I have finally decided that I'm just not the right person for a Nicholas Sparks novel. That doesn't mean it's a bad book. It means it's the wrong book for me.

    I think this book probably works best for fans of Kristin Hannah, Nora Roberts, or Barbara Delinsky.

    What could Nicholas Sparks have done to make this a more enjoyable book for you?

    Suggested I re-read "Anna Karenina."

    Which scene was your favorite?

    I must confess I did like the horseback riding scenes. I also thought the bull riding descriptions were accurate and well-written.

    If you could play editor, what scene or scenes would you have cut from The Longest Ride?

    If I could play editor, I would hand this off to the person in my office who specializes in romance. Because turning it away would be a really stupid financial decision. But I would not be the appropriate person to handle it.

    Any additional comments?

    Fans of Sparks will love this book. And they'll be happy, because I know now not to try another one. I've given it a good shot and it's just not a good fit.

    1 of 1 people found this review helpful
  • One Summer: America, 1927

    • UNABRIDGED (17 hrs and 3 mins)
    • By Bill Bryson
    • Narrated By Bill Bryson
    • Whispersync for Voice-ready

    One of the most admired nonfiction writers of our time retells the story of one truly fabulous year in the life of his native country - a fascinating and gripping narrative featuring such outsized American heroes as Charles Lindbergh, Babe Ruth, and yes Herbert Hoover, and a gallery of criminals (Al Capone), eccentrics (Shipwreck Kelly), and close-mouthed politicians (Calvin Coolidge). It was the year Americans attempted and accomplished outsized things and came of age in a big, brawling manner. What a country. What a summer. And what a writer to bring it all so vividly alive.

    Mark says: "Why 1927?"
    "Bryson hits it out of the park again!"
    Would you consider the audio edition of One Summer to be better than the print version?

    I can no longer see well enough to read the hard copy version, so I can't answer that question. I will say, however, that my husband and I listened to "One Summer" while on a long car trip. We loved being able to listen to Bryson read his own work--and to put the right twist on his humorous asides. We also felt like we were getting a bit of a history class, but with a really funny professor. Last, being an aviation-oriented household, it was absolutely fascinating to hear about the dawn of flight, and all the fuss around Charles Lindbergh.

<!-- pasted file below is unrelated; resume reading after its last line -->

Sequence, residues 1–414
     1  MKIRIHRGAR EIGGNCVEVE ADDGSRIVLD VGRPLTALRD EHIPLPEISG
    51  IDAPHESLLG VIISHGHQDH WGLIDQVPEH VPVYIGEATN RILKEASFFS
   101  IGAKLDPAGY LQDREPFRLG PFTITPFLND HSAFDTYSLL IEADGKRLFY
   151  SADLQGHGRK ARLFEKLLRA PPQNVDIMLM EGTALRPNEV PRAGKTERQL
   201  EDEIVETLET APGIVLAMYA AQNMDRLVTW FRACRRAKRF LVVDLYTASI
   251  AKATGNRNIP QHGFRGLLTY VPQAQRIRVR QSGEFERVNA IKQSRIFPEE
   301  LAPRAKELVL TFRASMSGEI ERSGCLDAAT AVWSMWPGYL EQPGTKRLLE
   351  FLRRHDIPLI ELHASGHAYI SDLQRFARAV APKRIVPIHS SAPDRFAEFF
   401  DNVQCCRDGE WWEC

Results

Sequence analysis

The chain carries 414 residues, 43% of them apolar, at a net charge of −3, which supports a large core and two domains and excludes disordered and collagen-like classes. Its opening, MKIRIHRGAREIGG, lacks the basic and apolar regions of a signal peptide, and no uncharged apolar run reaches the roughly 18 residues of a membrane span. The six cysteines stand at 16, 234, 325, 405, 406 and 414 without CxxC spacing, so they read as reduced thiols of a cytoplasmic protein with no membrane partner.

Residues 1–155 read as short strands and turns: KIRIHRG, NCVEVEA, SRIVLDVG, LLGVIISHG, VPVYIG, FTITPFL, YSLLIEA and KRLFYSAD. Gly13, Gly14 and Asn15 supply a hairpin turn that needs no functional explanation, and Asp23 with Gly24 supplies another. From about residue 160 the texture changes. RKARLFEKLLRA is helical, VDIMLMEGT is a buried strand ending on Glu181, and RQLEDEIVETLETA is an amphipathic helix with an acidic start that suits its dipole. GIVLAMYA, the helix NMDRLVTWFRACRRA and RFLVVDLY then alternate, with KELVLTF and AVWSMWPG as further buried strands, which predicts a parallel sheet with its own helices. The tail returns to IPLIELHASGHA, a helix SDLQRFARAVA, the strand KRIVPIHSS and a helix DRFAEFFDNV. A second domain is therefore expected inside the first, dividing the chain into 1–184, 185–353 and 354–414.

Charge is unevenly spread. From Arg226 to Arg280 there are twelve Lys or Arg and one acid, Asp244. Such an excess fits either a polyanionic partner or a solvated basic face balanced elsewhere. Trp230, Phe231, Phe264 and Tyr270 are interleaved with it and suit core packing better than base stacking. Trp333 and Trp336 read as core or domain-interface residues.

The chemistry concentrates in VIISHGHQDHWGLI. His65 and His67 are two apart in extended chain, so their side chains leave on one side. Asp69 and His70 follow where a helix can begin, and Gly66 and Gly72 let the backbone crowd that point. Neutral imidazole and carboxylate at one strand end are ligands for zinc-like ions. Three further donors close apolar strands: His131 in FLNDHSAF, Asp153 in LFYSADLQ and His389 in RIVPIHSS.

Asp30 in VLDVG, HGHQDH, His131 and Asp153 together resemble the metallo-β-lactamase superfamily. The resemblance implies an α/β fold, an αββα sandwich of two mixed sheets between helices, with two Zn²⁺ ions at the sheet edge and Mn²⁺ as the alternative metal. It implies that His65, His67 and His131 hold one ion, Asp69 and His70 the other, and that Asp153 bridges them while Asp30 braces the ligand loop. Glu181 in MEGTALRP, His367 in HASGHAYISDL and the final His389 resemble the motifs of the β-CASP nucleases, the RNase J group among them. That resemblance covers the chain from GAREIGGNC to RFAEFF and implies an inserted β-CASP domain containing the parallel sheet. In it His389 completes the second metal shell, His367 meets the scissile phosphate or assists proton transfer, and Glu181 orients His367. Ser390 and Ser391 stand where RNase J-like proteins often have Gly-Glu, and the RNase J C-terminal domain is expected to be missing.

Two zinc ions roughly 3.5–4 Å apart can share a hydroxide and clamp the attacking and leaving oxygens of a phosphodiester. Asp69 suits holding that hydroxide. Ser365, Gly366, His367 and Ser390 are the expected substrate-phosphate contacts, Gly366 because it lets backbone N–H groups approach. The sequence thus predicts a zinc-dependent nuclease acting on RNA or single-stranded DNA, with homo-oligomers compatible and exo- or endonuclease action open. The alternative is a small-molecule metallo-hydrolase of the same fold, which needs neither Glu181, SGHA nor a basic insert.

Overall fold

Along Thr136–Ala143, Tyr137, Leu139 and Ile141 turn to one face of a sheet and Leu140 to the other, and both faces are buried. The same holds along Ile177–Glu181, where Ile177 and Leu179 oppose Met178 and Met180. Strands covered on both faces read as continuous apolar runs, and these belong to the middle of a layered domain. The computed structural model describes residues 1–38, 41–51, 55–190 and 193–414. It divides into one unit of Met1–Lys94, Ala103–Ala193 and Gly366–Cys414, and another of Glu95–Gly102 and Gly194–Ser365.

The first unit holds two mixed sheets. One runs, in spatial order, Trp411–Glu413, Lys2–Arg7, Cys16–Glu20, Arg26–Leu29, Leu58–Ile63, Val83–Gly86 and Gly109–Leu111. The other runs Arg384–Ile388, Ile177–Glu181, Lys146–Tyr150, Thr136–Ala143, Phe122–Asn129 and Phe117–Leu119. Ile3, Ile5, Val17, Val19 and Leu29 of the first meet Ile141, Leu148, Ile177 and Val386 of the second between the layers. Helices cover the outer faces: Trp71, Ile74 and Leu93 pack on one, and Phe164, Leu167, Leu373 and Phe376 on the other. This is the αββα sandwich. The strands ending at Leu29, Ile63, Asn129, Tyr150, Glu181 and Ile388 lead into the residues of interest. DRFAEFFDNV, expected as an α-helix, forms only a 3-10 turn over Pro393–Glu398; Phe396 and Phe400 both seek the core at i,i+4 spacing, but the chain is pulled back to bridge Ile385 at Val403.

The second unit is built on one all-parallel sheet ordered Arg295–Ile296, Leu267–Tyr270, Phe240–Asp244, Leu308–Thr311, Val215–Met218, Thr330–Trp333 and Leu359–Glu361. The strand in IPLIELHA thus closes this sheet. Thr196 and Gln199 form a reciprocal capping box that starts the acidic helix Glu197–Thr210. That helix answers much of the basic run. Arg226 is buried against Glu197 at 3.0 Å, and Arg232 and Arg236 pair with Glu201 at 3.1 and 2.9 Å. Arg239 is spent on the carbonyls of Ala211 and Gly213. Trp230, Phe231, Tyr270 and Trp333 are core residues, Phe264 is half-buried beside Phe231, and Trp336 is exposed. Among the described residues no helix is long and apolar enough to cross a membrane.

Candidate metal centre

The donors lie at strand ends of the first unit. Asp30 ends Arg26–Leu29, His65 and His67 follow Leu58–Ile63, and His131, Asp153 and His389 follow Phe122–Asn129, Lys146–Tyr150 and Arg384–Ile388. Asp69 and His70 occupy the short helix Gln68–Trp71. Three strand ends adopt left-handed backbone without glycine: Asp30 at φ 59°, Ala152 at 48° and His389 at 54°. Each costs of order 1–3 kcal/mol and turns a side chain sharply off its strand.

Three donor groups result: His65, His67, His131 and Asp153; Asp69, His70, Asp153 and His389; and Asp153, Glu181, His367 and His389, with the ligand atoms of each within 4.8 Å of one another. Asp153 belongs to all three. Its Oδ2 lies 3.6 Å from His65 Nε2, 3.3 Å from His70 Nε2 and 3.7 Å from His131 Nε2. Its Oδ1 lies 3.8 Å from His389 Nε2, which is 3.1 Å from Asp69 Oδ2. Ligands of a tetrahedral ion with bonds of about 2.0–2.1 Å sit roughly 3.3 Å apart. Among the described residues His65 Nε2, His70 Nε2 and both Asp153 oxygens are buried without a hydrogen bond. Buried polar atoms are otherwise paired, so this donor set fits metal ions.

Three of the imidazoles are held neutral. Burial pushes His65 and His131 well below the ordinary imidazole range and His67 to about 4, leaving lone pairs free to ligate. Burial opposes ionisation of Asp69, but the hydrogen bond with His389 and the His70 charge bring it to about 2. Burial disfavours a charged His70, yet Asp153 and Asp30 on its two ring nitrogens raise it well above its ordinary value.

What was one of the most memorable moments of One Summer?

    The thing about a Bill Bryson book is that there are always so many wonderful moments, it's hard to pick one. I will admit I still laugh, to this day, about the glass jars Bryson talked about in "The Life and Times of the Thunderbolt Kid." Oh, wait. Different Bill Bryson book. Okay, so this one has a little something for everyone--historic flights, natural disasters, inside info on one of most demonized's all there.

    Which character – as performed by Bill Bryson – was your favorite?

    As with any Bryson book narrated by the author himself (with his quirky, Iowan-almost-turned-Brit accent), it's all good.

    Was this a book you wanted to listen to all in one sitting?

    Well, I could have. But there is so much intriguing information in here, you kind of want to listen and then maybe hit the rewind button and listen again, just to savor it. I haven't had exactly the what-will-happen-next feeling I had while reading "Seabiscuit," or "The Boys in the Boat." But I look forward to each moment I spend with this book.

    Any additional comments?

    Perfect for Bryson fans. Perfect for fans of "Unbroken," "Boys in the Boat," or any David McCullough books.

    1 of 1 people found this review helpful
  • The Impersonator

    • UNABRIDGED (10 hrs and 58 mins)
    • By Mary Miley
    • Narrated By Tavia Gilbert
    • Whispersync for Voice-ready